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Chapter 21, Section 1: New Immigrants in a Promised Land Main Idea: In the late 1800s, millions of “new immigrants” came to the United States in search.

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Presentation on theme: "Chapter 21, Section 1: New Immigrants in a Promised Land Main Idea: In the late 1800s, millions of “new immigrants” came to the United States in search."— Presentation transcript:

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2 Chapter 21, Section 1: New Immigrants in a Promised Land Main Idea: In the late 1800s, millions of “new immigrants” came to the United States in search of economic opportunity and freedom.

3 A. Hopes and Fears Push Factors – conditions that drive people away from their homeland Overpopulation – not enough jobs, scarce land Poor Economy – poverty, hardships (potato famine in Ireland Persecution – religious (Jews in Russia - pogroms) & political (revolution) Pull Factors – conditions that attract people to a new place Economic Opportunity – lots of jobs due to industrialization Promise of Freedom – religious & political Hope for a Better Life – “streets are paved with gold”

4 Immigration late 19th and early 20th centuries Push Factors lack of farmland in Europe fleeing persecution Irish Italians Russian Jews Armenians political turmoil Mexicans famine / poverty Irish Chinese

5 Immigration late 19th and early 20th centuries Pull Factors cheap land and passage to America promise of freedom and a better life available jobs in factories and mines join family and friends

6 Lack of Farmland in Europe GermanItalianPuerto Rican English JapaneseAmerican AfricanMexican Irish Land was scarce in Europe, but it was plentiful in the U.S.

7 B. The Unforgettable Voyage Most immigrants traveled in steerage, the lowest & cheapest deck on the ship. It was often crowded, dirty & disease-ridden. The Statue of Liberty The Statue of Liberty (gift from France) greeted arrivals in NYC after It came to symbolize hope & freedom. Emma Lazarus wrote “The New Colossus” (…give me your tired, your poor, your huddled masses yearning to breathe free…)

8 German ship carrying immigrants to Ellis Island in steerage. (below deck)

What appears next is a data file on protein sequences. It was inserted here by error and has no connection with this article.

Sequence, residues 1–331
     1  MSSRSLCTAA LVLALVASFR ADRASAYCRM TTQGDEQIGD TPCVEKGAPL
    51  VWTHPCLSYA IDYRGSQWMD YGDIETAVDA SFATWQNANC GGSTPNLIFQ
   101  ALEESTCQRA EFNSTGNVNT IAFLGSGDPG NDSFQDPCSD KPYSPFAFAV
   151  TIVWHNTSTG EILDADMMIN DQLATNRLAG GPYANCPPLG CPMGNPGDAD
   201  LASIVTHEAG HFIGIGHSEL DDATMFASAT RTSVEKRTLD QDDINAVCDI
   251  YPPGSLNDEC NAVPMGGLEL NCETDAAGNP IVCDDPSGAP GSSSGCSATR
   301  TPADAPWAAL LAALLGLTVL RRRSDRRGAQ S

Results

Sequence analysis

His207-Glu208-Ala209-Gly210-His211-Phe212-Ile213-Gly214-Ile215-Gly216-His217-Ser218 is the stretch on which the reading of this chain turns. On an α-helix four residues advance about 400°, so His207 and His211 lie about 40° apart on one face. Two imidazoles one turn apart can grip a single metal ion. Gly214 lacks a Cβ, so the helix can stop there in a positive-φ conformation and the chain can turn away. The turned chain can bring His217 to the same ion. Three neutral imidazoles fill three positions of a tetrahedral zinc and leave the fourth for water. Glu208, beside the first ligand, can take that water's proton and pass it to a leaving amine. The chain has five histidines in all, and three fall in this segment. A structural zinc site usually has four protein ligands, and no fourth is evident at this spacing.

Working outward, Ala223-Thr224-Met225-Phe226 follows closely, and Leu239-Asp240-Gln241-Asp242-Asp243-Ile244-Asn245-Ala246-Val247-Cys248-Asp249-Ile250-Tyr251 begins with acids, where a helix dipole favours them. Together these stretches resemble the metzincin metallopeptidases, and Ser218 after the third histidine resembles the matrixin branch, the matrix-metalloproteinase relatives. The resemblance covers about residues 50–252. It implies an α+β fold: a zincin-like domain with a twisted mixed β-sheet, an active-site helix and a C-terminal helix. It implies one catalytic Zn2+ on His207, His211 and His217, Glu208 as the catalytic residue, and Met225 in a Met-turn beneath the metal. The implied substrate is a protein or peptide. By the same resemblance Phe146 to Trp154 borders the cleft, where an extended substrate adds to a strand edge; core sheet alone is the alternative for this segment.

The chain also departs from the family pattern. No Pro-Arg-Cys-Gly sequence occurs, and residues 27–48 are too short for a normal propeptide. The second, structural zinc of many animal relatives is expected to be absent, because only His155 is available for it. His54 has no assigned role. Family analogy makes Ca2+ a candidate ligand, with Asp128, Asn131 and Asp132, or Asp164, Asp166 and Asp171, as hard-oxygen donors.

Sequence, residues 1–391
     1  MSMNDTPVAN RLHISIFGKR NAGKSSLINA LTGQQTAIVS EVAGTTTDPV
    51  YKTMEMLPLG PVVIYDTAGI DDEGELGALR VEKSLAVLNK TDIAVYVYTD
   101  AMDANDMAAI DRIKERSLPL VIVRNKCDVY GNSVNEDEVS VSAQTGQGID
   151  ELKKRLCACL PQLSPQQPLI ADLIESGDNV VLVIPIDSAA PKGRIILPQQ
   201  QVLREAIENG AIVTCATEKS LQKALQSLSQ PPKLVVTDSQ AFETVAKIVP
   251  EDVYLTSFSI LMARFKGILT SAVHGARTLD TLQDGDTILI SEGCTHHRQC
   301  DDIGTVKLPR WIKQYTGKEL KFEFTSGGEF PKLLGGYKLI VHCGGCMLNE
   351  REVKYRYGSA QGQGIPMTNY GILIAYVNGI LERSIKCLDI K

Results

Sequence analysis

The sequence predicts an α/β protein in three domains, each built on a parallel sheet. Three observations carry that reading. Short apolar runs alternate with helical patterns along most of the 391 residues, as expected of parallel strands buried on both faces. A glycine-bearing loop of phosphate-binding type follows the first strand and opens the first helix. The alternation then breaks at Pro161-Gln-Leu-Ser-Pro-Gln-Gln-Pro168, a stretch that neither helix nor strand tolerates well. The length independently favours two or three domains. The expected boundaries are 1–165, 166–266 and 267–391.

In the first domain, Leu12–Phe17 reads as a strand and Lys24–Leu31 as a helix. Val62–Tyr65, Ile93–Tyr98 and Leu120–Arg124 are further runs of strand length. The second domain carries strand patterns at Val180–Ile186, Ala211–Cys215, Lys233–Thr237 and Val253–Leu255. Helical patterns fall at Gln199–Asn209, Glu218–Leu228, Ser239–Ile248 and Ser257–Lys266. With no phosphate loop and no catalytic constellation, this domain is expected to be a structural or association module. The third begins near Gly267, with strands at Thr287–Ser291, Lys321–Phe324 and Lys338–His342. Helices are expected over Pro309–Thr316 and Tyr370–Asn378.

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10 B. (continued) Ellis Island Ellis Island – processing station built in 1892 where immigrants were registered (some name changes) & inspected (physical & mental) before entry into US Angel Island – processing station in SF for Asian immigrants crossing the Pacific O.

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12 The pens at Ellis Island, main hall. These people have passed the first mental inspection. ( )

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14 Angel Island From 1910 to 1940, thousands of immigrants, many of whom were Asian, entered the United States through Angel Island, CA.

15 C. Changing Patterns of Immigration “Old Immigration” 1. Came before 1880ish 2. Came from NW Europe (England, Ireland, Germany, etc.) 3. Tended to settle on open land (cheap & available “New Immigration” 1. Came after 1880ish 2. Came from SE Europe (Italy, Poland, Russia, Greece, etc.), Asia & Latin America 3. Tended to settle in cities (industry jobs) * This group had it more difficult due to prejudice.

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17 D. Adjusting to a New Land Reality differed from expectations: “1 st, the streets were not paved w/ gold. 2 nd, the streets were not paved at all. 3 rd, they expected me to pave them.” Most immigrants settled in ethnic neighborhoods (Little Italy, China Town). This helped them adjust to a new country & keep old customs. Assimilation – becoming part of another culture. Kids assimilated quicker because: 1. school (English, US history) 2. less attached to the old ways We love social studies!

18 Adjusting to a New Land · Most immigrants stayed in the cities where they landed. · By 1900, lower Manhattan was the most crowded place in the world. Hester Street, ca. 1900

19 · Immigrants adjusted by settling in communities with people of their own ethnic group. Little Italy, New York City A Jewish vendor in Lower East Side, New York City

20 · Assimilation was a long, slow process. Assimilation - process whereby a minority group gradually adopts the customs and attitudes of the majority culture.

21 E. Anti-Immigrant Feeling Grows Nativism – anti- immigrant feelings Reasons: 1. overcrowding 2. prejudice (different customs, etc) 3. complained that immigrants took jobs & kept wages low Chinese Exclusion Act (1882) – barred immigration for 10 yrs (renewed several times)

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